ER: It was my first day working at Tour d'Argent, a famous restaurant in Paris, in 1982, and they were celebrating their 400th anniversary. I am in the fish station and after many mistakes, including cutting myself after 30 seconds in that kitchen, the chef said, "Make a Hollandaise sauce with 32 yolks." It takes me forever to separate the yolks from the whites, and I put them in a bowl and try to go close to the stove, but the stove is way too hot for me. (I think, in retrospect, he may have pranked me.) Then I try to basically make a sauvignon, which is a foam from the egg yolks, but my arm is not strong enough. The mass of the yolks is too heavy; the stove is too hot. Instead of making that light sauvignon, I make basically, like, dry scrambled eggs. It's when I realized, "Hm, I'm not that good at all. It will take me weeks, maybe months, to master the 32 yolks." When I did, it was a turning point in my career.

HB: Are you going to be cooking a special Mother's Day dish for your wife this weekend?

ER: Yes. You have to cook for mom. I'll go to the market, and, depending on the vegetables I find, I'm either going to do a stuffed chicken with fava beans and asparagus or a lamb stew called navarin printanier.

HB: Does your mother still cook for you?

ER: Yes, actually she really wants me to eat her food, especially apple tart.

HB: Do you ever cook together?

ER: Actually no. It's either her or me. I heard her, when I was in culinary school, complaining that I was very messy. When I go visit her (she lives near Barcelona), she still pushes me out of the kitchen. When she comes here, I'm like, "This is my kitchen!"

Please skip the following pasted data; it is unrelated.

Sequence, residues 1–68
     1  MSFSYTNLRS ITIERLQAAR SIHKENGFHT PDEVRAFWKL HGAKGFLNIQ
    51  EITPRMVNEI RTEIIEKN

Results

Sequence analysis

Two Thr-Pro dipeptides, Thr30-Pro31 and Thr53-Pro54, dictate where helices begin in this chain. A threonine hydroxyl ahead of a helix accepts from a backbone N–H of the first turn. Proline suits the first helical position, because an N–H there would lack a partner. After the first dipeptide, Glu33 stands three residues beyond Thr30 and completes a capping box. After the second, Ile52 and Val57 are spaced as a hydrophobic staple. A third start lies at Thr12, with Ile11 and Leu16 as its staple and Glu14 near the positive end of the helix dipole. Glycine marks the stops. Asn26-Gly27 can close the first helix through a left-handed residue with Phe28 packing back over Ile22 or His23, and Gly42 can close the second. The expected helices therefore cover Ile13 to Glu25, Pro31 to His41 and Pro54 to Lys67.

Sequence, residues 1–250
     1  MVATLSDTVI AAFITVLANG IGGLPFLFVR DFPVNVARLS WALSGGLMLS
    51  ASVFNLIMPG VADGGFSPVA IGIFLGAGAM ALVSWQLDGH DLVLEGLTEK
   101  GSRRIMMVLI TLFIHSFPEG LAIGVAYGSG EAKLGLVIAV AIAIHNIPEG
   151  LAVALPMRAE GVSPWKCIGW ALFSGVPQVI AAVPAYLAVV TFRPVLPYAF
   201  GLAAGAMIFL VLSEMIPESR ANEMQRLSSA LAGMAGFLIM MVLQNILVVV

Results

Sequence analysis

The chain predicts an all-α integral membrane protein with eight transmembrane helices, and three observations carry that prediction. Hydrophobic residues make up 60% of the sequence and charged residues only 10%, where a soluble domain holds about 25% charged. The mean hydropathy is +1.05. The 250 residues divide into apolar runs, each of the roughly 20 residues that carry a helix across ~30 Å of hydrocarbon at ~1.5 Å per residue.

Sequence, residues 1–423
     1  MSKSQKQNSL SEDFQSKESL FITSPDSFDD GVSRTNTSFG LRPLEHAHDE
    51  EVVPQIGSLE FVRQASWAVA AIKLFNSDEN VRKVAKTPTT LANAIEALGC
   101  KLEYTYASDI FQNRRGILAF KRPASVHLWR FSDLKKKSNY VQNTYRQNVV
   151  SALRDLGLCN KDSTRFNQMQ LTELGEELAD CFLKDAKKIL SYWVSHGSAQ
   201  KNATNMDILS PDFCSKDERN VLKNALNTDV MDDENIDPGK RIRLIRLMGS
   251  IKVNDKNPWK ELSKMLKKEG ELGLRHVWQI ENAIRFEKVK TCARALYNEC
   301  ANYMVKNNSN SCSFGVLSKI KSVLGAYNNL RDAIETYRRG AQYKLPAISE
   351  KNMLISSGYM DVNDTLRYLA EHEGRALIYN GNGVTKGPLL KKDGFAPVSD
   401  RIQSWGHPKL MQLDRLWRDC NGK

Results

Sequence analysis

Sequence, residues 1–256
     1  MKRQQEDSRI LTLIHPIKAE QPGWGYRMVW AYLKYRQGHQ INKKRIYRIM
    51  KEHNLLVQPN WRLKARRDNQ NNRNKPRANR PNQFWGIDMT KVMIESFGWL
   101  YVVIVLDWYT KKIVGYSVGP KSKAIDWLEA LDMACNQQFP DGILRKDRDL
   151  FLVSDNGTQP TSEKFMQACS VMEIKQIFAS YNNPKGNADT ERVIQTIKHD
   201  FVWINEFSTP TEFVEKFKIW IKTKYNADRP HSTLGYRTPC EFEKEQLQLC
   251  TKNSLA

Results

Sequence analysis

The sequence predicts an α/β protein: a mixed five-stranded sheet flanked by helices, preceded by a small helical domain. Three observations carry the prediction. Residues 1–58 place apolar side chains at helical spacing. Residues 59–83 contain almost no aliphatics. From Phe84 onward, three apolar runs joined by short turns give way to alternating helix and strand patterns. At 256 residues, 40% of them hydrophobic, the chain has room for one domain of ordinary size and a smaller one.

HB: What's your favorite dish to make for yourself?

ER: I love eggs. When it's the season of truffles, scrambled eggs with truffles, and I'm happy. I'm smiling like that.

HB: Other than Le Bernardin, of course, where do you dine out?

ER: A new find was La Sirena, the new restaurant by Mario Batali. And it happened that I went to Del Posto, which is Mario again, last week.

HB: What are some of your non-food interests that may surprise people?

ER: I am an audiophile. It's almost like a virus. I'm completely crazy about the quality of sound. It's interesting and painful at the same time; you have to really spend a lot of money on the equipment.

HB: What do you listen to when you cook?

ER: A lot of techno. In New York there used to be some very good clubs with amazing sound systems. Techno was part of the process. Today, because I want to be gentle on my back, I listen to jazz.

HB: Do you notice the sound quality at clubs?

ER: Oh, immediately. I'm very sensitive to it. Actually, if I go to a nightclub, even if the music is good, if the sound system is not, I don't stay.

HB: Do you like to dance?

ER: Yeah! I'm very bad, but I like to dance. I was at Tao two weeks ago, at the night club, and ended up at Provocateur.

HB: Party animal!